occupational therapist, I actually will match the person

and the equipment. I will evaluate them and actually fit

the AT with them. And then if they need some training on

it, they can get some training.

They also -- we have a skills course here. So

people can try out the equipment on different slopes of

ramps or different curb cuts on cross slopes, different

things to make sure that they're comfortable with it.

And so we do have a full-functioning repair program

that we kind of built in for sustainability. But that's a

benefit to making adaptations to the devices and also

repairing things that we get in.

So recreation equipment we have gotten in, it's not

the largest part of our program, but we have gotten some

devices in such as arm ergometers, hand cycles, adaptive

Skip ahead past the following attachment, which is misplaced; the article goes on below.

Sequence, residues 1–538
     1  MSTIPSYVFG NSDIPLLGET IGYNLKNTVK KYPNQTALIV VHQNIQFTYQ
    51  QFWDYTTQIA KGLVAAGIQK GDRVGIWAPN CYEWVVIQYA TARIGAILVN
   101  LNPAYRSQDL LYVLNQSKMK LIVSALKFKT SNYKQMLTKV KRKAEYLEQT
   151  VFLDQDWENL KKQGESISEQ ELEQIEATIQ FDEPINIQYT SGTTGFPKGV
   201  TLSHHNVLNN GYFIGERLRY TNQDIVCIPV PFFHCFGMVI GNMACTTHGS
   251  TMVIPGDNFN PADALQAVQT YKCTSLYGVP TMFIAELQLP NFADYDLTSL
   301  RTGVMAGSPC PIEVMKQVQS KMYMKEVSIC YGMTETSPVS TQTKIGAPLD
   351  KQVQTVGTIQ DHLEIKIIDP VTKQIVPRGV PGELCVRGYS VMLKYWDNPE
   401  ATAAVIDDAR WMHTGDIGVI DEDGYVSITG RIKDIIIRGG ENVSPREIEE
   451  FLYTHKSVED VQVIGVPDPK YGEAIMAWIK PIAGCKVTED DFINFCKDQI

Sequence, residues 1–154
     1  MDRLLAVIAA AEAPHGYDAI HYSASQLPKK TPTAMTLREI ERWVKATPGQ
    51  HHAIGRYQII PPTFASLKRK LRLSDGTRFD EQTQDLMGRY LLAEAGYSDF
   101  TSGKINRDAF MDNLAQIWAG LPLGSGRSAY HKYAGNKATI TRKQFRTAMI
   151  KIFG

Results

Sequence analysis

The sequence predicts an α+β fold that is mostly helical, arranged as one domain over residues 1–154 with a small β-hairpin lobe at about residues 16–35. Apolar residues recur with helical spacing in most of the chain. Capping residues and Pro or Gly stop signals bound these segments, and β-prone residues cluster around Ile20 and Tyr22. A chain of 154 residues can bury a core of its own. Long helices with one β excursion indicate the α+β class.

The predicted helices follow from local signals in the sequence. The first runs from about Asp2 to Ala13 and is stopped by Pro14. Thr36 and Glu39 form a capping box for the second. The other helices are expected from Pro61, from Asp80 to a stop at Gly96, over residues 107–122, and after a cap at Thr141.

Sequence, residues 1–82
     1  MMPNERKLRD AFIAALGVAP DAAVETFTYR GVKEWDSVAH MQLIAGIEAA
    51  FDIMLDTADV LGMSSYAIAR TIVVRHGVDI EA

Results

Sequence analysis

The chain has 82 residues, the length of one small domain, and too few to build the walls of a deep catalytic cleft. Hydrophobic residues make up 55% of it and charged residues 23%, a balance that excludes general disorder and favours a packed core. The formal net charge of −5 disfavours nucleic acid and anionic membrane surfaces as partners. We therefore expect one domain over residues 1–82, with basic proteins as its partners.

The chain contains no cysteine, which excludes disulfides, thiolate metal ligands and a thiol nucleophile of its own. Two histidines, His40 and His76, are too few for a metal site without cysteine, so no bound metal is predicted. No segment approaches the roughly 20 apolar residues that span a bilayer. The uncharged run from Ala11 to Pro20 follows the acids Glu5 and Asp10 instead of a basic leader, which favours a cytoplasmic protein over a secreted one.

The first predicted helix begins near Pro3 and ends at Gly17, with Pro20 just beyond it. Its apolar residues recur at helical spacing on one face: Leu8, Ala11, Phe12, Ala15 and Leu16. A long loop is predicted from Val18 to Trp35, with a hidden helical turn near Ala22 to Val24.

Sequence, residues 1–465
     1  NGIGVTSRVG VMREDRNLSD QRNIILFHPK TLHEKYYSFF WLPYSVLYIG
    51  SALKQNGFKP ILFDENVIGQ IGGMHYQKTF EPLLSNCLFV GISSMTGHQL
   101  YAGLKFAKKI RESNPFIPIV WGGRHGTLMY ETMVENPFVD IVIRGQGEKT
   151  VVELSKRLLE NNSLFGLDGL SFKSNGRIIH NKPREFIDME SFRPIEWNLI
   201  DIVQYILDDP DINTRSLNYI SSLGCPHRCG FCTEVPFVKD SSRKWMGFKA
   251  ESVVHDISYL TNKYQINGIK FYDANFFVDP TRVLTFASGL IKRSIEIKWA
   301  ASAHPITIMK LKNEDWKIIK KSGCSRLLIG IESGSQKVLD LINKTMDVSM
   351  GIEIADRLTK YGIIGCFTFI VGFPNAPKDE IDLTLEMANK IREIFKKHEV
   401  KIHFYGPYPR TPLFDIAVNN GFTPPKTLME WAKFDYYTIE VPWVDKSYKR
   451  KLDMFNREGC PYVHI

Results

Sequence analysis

cycles, things along that line. Like I said, it's not a

huge chunk, but it has happened.

So we at Paraquad do sell our items for a low cost.

We clean and sanitize all this. And then I think the

biggest challenge is kind of finding the match for the

equipment that we do have.

So this picture -- I like to share this story. She

was a student at one of the local universities and had a

very, very similar adaptive bike from Freedom Concepts.

And while she was -- she had to use it to get across her

school's campus while going from class to class, or she

said she'll never make it there on time. So you know how

those college campuses can be.

Well, at the end of her last semester, she was hit

by a car, and the driver was texting. And so long story

short, basically they damaged her bike, and they're not

paying for it.

So it just so happened that we got this bike as a

donation, and it worked out as a perfect match for her. So

she got to go back to school and not have to be worried